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Hispanic Heritage Month continues tonight with a keynote speech by Oscar Arias Sanchez, former president of Costa Rica and 1987 Nobel Peace Prize Laureate, on “Peace with Justice for Latin America and the World” 8 p.m. in Colton Chapel.

The free event is sponsored by the Presidential Speaker Series on Diversity.

Championing such issues as human development, democracy, and demilitarization, Oscar Arias' “positions on Central American issues have become the standards by which many people in Congress and elsewhere have come to judge United States policy,” according to The New York Times. He has traveled the globe to spread a message of peace and apply the lessons garnered from the Central American peace process.

Elected president of Costa Rica in 1986, Arias traveled throughout Central and South America to personally invite the Latin American heads of state to visit Costa Rica for his presidential inauguration. On the day he took office, the presidents of nine Latin American countries met in San José, where Arias called for a continental alliance for the defense of democracy and liberty. He affirmed that all Central Americans were entitled to the same liberties and social and economic guarantees of democracy, that each nation had the right to select, through free and fair elections, the type of government that could best meet the needs and interests of its people, and that neither armies nor totalitarian regimes were entitled to make this decision. In 1987, Arias drafted a peace plan, which culminated in the signing of the Esquipulas II Accords, or the Procedure to Establish a Firm and Lasting Peace in Central America, by all the Central American presidents on August 7, 1987.

In 1988, Arias used the monetary award from the Nobel Peace Prize to establish the Arias Foundation for Peace and Human Progress, which includes the Center for Human Progress to promote equal opportunities for women and gender equality; the Center for Organized Participation to strengthen the participation and action of civil society in Central America; and the Center for Peace and Reconciliation to work for demilitarization and conflict resolution in the developing world.

Arias has received honorary doctorates from Harvard, Washington, Illinois, Oviedo, Franklin and Marshall, and Southern Connecticut Universities; the colleges of Dartmouth, Ithaca, and Quinnipiac; and several other educational institutions. He has also received numerous prizes, among them the Jackson Ralston Prize, the Prince of Asturias Award, the Martin Luther King Jr. Peace Award, the Albert Schweitzer Humanitarian Award, the Liberty Medal of Philadelphia, and the Americas Award.

Arias is president of International Press Service and serves on the Board of Directors of Stockholm International Peace Research Institute, the International Center for Human Rights and Democratic Development, and the Institute for International Studies at Stanford University. He also serves on the Board for the Inter Action Council, the International Negotiation Network of the Carter Center, and Transparency International. In addition, he is an active member of the Commission on Global Governance, the Inter-American Dialogue, and the Society for International Development.

Hispanic Heritage Month includes selections from “La Lucha/The Struggle” and “Imagining Cutumba,” a collection of photographer Laurence Salzmann's black-and-white photographs of young Cuban wrestlers-in-training and digital prints of Ballet Folkl√≥rico Cutumba dancers in the city of Santiago de Cuba, respectively, which are on view through Friday in the Williams Center for the Arts gallery.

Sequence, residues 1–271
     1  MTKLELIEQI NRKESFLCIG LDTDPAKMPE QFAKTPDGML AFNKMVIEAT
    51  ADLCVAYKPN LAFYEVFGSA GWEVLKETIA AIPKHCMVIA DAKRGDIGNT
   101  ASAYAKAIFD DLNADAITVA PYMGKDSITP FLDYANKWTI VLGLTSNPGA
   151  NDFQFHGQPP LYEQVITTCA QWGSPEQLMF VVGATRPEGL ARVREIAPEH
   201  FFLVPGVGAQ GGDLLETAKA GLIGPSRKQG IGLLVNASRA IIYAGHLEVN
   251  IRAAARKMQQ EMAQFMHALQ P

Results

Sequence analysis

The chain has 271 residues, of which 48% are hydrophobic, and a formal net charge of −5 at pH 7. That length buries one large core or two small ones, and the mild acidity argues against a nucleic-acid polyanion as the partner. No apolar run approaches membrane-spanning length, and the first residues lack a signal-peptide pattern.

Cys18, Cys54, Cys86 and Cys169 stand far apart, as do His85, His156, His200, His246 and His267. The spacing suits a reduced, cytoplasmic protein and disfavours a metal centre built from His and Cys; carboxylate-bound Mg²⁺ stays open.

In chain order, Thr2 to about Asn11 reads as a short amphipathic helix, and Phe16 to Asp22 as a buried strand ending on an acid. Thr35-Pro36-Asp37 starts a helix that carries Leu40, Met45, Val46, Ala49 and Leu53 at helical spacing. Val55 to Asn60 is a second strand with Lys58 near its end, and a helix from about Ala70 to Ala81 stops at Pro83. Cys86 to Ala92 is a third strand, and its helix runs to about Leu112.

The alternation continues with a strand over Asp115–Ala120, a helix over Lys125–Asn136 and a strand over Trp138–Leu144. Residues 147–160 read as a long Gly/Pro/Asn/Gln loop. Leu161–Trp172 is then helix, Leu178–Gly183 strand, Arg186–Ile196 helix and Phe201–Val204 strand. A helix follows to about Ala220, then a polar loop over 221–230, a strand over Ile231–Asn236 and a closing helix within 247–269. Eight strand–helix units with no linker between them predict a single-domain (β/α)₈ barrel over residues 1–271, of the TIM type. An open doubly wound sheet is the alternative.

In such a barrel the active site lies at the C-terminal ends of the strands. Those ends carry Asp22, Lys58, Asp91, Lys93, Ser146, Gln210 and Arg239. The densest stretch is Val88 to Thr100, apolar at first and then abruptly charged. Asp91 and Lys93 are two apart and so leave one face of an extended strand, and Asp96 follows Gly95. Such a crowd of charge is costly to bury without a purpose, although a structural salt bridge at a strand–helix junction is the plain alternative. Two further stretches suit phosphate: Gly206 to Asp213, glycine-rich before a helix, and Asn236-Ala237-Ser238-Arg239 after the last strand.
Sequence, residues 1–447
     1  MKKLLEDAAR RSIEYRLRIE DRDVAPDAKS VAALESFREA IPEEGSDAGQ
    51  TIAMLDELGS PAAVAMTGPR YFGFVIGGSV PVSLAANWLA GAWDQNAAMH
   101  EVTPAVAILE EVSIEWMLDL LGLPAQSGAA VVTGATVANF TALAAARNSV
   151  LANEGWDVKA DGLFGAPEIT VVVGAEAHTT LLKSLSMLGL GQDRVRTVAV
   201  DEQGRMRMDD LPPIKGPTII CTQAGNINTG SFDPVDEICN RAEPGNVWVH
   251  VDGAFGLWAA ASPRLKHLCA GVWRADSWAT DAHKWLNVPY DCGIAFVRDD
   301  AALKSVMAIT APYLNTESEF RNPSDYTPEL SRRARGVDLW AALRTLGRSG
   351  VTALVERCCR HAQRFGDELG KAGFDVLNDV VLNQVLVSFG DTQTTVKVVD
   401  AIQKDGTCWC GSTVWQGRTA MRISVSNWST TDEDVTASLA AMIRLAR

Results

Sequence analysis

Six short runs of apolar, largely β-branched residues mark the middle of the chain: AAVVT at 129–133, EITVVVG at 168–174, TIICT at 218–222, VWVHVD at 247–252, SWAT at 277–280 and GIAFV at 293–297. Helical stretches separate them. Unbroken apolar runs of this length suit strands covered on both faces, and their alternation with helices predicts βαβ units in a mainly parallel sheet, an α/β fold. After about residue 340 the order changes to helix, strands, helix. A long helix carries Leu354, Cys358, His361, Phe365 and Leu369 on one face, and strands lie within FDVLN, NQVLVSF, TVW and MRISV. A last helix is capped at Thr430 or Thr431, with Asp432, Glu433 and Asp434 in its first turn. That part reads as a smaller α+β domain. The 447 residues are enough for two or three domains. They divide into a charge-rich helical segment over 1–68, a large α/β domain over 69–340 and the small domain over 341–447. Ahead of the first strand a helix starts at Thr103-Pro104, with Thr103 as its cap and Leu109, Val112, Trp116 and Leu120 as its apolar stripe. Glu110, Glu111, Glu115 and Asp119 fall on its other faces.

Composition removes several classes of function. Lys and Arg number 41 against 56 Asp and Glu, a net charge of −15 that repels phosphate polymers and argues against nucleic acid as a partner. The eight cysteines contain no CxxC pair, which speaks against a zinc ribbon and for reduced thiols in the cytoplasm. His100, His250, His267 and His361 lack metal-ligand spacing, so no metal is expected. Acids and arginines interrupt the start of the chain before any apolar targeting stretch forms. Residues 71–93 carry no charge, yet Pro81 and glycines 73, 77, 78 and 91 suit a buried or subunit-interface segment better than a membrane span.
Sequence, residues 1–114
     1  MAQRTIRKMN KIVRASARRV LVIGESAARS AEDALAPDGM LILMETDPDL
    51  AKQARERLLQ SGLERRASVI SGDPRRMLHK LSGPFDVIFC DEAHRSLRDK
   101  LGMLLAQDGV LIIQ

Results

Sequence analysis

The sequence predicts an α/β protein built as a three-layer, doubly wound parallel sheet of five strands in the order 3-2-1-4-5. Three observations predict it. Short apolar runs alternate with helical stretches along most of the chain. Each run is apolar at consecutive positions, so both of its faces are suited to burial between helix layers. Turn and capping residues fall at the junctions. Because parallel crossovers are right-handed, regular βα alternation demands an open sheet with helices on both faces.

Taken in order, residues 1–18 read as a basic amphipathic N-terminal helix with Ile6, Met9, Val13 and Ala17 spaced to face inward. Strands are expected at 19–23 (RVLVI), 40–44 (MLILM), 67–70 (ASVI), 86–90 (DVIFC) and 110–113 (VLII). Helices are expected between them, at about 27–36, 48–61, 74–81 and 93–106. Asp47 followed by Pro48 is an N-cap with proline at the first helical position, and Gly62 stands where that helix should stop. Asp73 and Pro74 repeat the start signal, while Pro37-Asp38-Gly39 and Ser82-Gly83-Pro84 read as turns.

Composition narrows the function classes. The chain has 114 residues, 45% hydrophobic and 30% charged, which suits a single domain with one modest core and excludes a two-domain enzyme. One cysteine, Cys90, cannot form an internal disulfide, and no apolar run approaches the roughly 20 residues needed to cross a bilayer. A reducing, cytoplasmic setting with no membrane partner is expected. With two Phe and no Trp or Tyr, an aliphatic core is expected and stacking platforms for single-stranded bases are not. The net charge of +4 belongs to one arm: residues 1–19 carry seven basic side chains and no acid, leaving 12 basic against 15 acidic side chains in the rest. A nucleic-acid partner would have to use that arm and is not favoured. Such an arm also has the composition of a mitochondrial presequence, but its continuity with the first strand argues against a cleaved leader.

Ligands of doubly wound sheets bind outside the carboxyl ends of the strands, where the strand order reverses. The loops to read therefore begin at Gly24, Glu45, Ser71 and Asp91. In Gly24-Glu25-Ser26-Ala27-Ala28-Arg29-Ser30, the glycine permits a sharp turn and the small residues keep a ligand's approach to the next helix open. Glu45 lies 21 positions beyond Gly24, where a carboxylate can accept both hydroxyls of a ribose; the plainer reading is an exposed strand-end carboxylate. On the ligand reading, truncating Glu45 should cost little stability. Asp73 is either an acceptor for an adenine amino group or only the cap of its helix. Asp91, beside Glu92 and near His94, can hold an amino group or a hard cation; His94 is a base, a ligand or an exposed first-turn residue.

“I view my photographs as an attempt to create local and international bridges in a visual medium that appeals to people of all ages and cultures,” says Salzmann, who took the title of this series from a sign which, when translated, reads, “Monday to Friday: Wrestling.” The Spanish word lucha not only means “wrestle,” but also “struggle.”

“What fascinates me is the movement, the enthusiasm of people that participate in both wrestling and dancing,” he adds. “[Wrestling] is a metaphor for how our lives are a struggle and we have to overcome things.”

Salzmann's photographic work in Cuba earned him a Pew Fellowship in photography and Pennsylvania Council on the Arts Fellowship in 2001.

Salzmann has had solo exhibitions of his work both nationally and internationally, including in Berlin, Tel Aviv, Paris, Amsterdam, Budapest, Vienna, and New York. His honors have included a grant from National Endowment for the Humanities, an International Research Exchange Commission Grant to Romania, and a Fulbright-Hays Grant to Romania. He has produced several publications, including Face to Face: Encounters between Jews & Blacks in 1996 by Blue Flower Press.

His work is in the collections of Philadelphia Museum of Art; International Center for Photography, New York; Beth Hatefutsoth Museum, Tel Aviv; Jewish Museum, New York; Corcoran Gallery, Washington, D.C.; and George Pompidou Center, Paris.

Gallery hours are noon-5 p.m. Monday; 10 a.m.-5 p.m. Tuesday, Thursday, and Friday; 10 a.m.-8 p.m. Wednesday; and 2-5 p.m. Saturday and Sunday, and before public performances in the Williams Center.

The remaining schedule of events:
Tuesday, October 8, 8 p.m. – “Modern Dance,” presented by Limon Dance Company, Williams Center for the Arts. Student tickets are free of charge, and others interested in attending may call (610) 330-5009 to reserve seats. Sponsored by Williams Center for the Arts

Monday, October 21, noon – Rolando Barahona Sotela, director of Museo de Arte y diseno Contemporaneo in Costa Rica, Williams Center for the Arts room 108. Sponsored by Office of Intercultural Development

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